A Midsummer Night's Dreamby Leon Garfield (Abridged by), Elena Prorokova (Illustrator), William Shakespeare (Based On Work by)
Shakespeare's intertwined love polygons begin to get complicated from the start--Demetrius and Lysander both want Hermia but she only has eyes for Lysander. Bad news is, Hermia's father wants Demetrius for a son-in-law. On the outside is Helena, whose unreturned love burns hot for Demetrius. Hermia and Lysander plan to flee from the city under cover of darkness but are pursued by an enraged Demetrius (who is himself pursued by an enraptured Helena). In the forest, unbeknownst to the mortals, Oberon and Titania (King and Queen of the faeries) are having a spat over a servant boy. The plot twists up when Oberon's head mischief-maker, Puck, runs loose with a flower which causes people to fall in love with the first thing they see upon waking. Throw in a group of labourers preparing a play for the Duke's wedding (one of whom is given a donkey's head and Titania for a lover by Puck) and the complications become fantastically funny.
Read an Excerpt
"You've got to be kidding!" Helena cried,
"I know, it's Hermia, you want for your bride."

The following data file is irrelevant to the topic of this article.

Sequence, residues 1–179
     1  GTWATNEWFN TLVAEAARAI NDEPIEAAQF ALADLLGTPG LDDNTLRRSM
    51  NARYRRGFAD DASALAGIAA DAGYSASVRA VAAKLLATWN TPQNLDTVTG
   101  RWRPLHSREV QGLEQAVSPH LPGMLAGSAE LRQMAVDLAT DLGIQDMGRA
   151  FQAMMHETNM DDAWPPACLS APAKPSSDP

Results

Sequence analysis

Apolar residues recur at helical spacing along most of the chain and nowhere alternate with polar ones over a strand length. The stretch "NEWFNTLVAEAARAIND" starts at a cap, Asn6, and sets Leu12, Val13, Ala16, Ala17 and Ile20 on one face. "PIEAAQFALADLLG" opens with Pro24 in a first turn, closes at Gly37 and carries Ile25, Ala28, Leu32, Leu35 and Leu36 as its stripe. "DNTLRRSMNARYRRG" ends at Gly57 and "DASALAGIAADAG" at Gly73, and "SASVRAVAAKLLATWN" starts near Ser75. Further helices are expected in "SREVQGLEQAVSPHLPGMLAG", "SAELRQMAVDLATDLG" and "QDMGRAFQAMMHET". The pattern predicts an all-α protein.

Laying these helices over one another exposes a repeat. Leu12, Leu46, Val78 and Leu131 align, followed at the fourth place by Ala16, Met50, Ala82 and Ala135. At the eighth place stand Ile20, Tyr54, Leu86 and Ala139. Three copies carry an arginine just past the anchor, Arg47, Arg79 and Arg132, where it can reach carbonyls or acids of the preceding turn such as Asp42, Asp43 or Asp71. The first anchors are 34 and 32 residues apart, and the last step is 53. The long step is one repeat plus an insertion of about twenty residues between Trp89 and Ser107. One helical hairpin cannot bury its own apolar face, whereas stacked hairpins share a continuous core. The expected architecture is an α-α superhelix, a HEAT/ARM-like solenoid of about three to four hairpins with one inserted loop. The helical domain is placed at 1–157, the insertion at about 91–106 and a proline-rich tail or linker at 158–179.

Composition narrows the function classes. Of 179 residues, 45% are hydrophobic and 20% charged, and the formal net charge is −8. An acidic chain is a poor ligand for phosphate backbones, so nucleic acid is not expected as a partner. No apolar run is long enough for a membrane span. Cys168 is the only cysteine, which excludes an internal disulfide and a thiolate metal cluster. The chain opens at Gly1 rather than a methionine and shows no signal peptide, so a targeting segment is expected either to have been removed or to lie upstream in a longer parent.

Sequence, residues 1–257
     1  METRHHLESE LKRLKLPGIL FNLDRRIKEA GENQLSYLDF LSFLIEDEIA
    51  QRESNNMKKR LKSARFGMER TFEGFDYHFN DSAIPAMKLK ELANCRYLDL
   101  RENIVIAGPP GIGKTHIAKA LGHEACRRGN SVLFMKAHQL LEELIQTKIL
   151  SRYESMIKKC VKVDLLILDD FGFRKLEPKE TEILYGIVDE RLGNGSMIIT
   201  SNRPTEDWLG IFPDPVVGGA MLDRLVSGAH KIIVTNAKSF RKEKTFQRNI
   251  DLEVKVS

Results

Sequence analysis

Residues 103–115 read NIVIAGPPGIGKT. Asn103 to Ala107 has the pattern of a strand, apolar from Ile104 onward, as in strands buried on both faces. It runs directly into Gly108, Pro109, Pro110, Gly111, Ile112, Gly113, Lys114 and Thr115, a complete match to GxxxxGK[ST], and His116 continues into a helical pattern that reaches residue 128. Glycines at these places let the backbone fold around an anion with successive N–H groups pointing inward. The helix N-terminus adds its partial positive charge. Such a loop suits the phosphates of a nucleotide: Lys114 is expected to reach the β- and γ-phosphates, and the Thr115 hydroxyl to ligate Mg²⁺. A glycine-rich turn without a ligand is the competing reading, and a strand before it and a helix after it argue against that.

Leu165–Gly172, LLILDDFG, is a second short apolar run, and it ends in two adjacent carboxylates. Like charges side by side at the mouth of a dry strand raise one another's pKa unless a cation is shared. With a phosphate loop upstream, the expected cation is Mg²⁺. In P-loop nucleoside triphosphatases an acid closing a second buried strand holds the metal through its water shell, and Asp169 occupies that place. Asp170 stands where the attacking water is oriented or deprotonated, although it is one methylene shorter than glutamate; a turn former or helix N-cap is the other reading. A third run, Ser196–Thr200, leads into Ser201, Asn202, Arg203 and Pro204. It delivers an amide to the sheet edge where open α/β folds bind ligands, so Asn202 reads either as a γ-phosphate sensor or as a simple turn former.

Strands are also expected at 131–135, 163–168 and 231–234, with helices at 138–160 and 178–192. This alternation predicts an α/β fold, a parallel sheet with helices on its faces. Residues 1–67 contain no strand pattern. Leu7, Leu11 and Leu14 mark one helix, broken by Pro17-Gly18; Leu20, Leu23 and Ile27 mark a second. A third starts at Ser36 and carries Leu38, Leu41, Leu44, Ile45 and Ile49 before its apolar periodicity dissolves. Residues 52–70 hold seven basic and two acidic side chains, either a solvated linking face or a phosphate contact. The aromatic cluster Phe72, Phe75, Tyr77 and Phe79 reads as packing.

"Not a chance!" said Lysander, "It's you I love!
Who will not change a raven for a dove?"
"Give me a break!" Helena scoffed in dismay,
"Do you think I was born yesterday?
Your speech to me is like a thorn;
How dare you treat me with such scorn!"
Then she stomped off, in great disdain;
Lysander followed with a loving refrain.
Meet the Author
Lois Burdett's success in introducing Shakespeare to children is reflected in her growing international reputation. Her books and workshops for teachers have captured the attention and imagination of parents, educators, and lovers of Shakespeare around the world, including the American National Council of Teachers of English and the International Reading Association. Among other commendations, Lois Burdett has received Encyclopedia Britannica's National Award for Early Childhood Education, Canada's Meritorious Service Medal, the Canadian Teachers' Federation's Hilroy Fellowship, and two writers' awards. Burdett's many speaking engagements have included the International Reading Association and the National Council of Teachers of English. Her books, magazine articles, presentations and media interviews are testimony to her strong influence in the education community, where she has also been instrumental in helping teachers to incorporate Shakespeare into early grade curricula.
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